A sign of the times

Handicap not a problem for Horvath

Wednesday, Dec. 28, 2005


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Charlie Shoemaker⁄The Gazette
Rockville High sophomore Greg Horvath (right) tries to draw a charge against Kennedy’s Jeremy Herring last Thursday. Horvath is almost completely deaf, but communicating is not an issue.



In basketball, or any team sport really, communication is the key to success. The importance of teammates trusting each other, being able to rely on and communicate with each other is immeasurable. So, imagine if one player was set apart from the team, didn’t have the same capacity to communicate. One would think it’d cause major problems. But Rockville forward Greg Horvath seems to have broken through such a barrier. Despite his hearing disability — he was born with hearing but lost it almost completely six months later — Horvath, just a sophomore, has landed a starting role on the Rams’ varsity.

Of course that’s not to say there aren’t any adjustments that have to be made, there are. But the Rams have all been willing and eager to make them for their teammate and friend.

‘‘It’s pretty normal [for us],” junior forward Sean Canahuate said of the situation. ‘‘We’ve gotten used to it. We have symbols for each kind of offensive and defensive play we’re running.”

In addition to hand gestures for each play, Horvath is constantly looking at the sideline to Erin Lynch, his interpreter, who signs to him everything coach Jack Freeman is saying to the team. During team huddles, he looks to Lynch to get whatever information is being forwarded to the team. And he never seems to miss a beat. But as with any situation requiring adjustment, sometimes there is regression.

‘‘I have to always watch and right next to the coach is the interpreter,” Horvath said. ‘‘The players, we’ve set up signs. Everyone is supposed to sign, but sometimes they forget, and I won’t know where I’m supposed to be, it’ll take a minute.”

But, that hasn’t yet hindered Horvath’s ability to get himself into position and prove to be an effective force under the basket — the 6-footer is averaging five points a game. And, perhaps because he knows he constantly has to be on his toes, Horvath is sometimes more aware of what’s going on, pays attention more to what Freeman is saying, than anyone out there.

‘‘He’s very sharp,” Freeman said. ‘‘He has great vision and he can pick up on things well. As far as what’s going on, a lot of guys don’t do that well and they don’t have a hearing problem. He’s astute. He’s a student of the game. I can’t yell out there to get his attention, but he looks over a lot. I probably get his attention more than the other players, because he knows he has to pay attention. I just think the world of him.”

Horvath, who was born in Hungary and has also lived in Cuba and Russia before moving to the United States three years ago, began playing basketball when he was 5 in Hungary. A natural athlete, he started off with soccer at the age of 3, but soon his interest migrated to the hardwood. And he’s loved the game ever since, spending a lot of time playing for his team in Hungary, which can most easily be compared to AAU basketball here. His love for the sport is evident in his intensity during games, always putting forth as much effort as possible. That saying, ‘Leave it all on the floor,’ Horvath takes literally.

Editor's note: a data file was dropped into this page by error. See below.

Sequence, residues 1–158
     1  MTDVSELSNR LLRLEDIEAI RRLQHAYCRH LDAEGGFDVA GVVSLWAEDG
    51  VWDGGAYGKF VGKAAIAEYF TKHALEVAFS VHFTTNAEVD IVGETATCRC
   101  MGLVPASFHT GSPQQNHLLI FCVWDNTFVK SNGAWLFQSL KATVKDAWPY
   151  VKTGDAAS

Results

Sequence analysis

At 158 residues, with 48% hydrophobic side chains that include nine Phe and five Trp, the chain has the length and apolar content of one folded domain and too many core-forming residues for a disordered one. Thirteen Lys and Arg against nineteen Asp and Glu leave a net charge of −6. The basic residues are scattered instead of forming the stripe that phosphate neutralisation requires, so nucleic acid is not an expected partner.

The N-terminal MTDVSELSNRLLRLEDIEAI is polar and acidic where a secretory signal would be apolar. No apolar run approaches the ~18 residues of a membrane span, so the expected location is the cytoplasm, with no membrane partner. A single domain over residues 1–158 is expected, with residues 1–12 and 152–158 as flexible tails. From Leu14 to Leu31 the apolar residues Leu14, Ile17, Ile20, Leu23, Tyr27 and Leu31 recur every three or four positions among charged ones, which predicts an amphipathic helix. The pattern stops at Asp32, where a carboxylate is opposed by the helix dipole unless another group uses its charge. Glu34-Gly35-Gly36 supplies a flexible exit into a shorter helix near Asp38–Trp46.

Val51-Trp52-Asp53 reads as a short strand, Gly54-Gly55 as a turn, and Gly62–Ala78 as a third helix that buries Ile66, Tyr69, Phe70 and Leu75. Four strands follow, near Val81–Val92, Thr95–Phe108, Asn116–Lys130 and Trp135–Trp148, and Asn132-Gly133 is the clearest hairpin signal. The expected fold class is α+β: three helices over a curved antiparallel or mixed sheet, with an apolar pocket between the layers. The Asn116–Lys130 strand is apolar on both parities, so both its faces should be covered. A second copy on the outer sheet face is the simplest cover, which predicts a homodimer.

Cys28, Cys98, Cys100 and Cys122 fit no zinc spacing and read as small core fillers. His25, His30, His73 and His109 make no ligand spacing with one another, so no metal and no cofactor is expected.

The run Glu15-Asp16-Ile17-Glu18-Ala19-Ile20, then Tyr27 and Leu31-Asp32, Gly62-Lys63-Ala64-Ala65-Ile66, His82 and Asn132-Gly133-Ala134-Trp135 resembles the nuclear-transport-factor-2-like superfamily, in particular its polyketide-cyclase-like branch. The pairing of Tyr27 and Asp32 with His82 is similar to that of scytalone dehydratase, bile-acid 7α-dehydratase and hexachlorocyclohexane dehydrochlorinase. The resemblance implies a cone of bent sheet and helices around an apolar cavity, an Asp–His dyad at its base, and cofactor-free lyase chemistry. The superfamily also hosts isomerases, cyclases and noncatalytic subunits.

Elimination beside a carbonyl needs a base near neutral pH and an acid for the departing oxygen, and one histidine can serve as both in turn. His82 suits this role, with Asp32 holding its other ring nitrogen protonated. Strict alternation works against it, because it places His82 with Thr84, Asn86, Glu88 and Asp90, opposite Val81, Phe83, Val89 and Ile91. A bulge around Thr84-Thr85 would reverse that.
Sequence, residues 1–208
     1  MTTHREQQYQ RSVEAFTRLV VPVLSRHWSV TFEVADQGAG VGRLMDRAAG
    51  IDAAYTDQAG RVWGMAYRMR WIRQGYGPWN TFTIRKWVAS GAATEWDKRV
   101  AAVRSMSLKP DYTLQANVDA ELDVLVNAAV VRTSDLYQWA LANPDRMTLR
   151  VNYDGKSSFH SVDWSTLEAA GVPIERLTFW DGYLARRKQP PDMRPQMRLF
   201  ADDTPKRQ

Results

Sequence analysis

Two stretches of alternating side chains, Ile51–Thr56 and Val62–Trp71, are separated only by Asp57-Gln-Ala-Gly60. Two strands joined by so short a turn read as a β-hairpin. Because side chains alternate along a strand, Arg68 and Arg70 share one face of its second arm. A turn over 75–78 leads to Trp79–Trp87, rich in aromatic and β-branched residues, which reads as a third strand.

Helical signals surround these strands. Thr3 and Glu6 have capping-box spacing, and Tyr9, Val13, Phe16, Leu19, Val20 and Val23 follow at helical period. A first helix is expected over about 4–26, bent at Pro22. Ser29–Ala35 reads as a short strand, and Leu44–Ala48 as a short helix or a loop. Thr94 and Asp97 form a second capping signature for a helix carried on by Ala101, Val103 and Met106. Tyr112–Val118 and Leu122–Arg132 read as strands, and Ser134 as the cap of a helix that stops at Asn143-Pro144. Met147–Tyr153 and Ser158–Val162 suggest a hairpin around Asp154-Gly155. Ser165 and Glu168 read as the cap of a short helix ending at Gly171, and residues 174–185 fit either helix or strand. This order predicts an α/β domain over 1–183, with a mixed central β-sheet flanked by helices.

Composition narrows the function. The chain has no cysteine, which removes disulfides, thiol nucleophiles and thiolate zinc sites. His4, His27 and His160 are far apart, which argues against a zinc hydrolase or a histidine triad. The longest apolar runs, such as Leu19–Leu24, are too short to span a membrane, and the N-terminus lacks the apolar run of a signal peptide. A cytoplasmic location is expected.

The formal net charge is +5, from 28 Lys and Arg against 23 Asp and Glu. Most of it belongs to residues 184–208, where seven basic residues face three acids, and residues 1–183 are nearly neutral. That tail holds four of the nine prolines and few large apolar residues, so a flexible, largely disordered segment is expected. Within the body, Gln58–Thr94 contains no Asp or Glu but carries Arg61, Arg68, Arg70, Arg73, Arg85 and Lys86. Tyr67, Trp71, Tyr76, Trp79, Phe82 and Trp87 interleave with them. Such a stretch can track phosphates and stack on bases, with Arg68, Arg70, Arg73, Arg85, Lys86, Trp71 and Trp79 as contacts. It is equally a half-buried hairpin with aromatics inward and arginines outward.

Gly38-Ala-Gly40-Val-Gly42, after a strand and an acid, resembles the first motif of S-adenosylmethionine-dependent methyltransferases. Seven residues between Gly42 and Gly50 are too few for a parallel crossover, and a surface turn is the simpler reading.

‘‘He’s always working,” Freeman said. ‘‘He’s very dedicated. He’s committed and he loves the game. That’s all you want in a player.”

Many area deaf athletes choose to attend schools such as the Maryland School for the Deaf, but Horvath, who lives close to Rockville, opted to stay in the public-school system. And Rockville has a special program for hearing impaired students – there are 10 interpreters who help him at different points of the day. His decision to steer clear of a school designated just to kids like him, has proven to work out just fine.

‘‘He has a big impact on the team,” Freeman said. ‘‘The kids like him. There’s that camaraderie. He’s got a great personality.”

Horvath’s main goal, is, at some point, to get back to Hungary and represent the national team. But before that, he wants to graduate from college, spend time honing his skills, possibly at the Rochester Institute of Technology, where there is a special program for hearing-impaired students, or Gallaudet University in D.C., which claims to be the world’s only university for the deaf and hard of hearing.

‘‘I’d like to go to college, get a lot more training and experience,” Horvath said. ‘‘Maybe be a photographer or something in computers. Or maybe an inventor. I’d like to learn more details about the game. And then I’d like to make the national team, like professional basketball. [Right now] they don’t really get in to the Olympics, they’re not a great team. But yeah, I’d hope to help get the team to that level.”

Those might be lofty goals, but if he works hard toward them, you never know what can happen.

‘‘Ambition is a big deal,” Freeman said. ‘‘Kids that have it, you don’t want to ever dampen it.”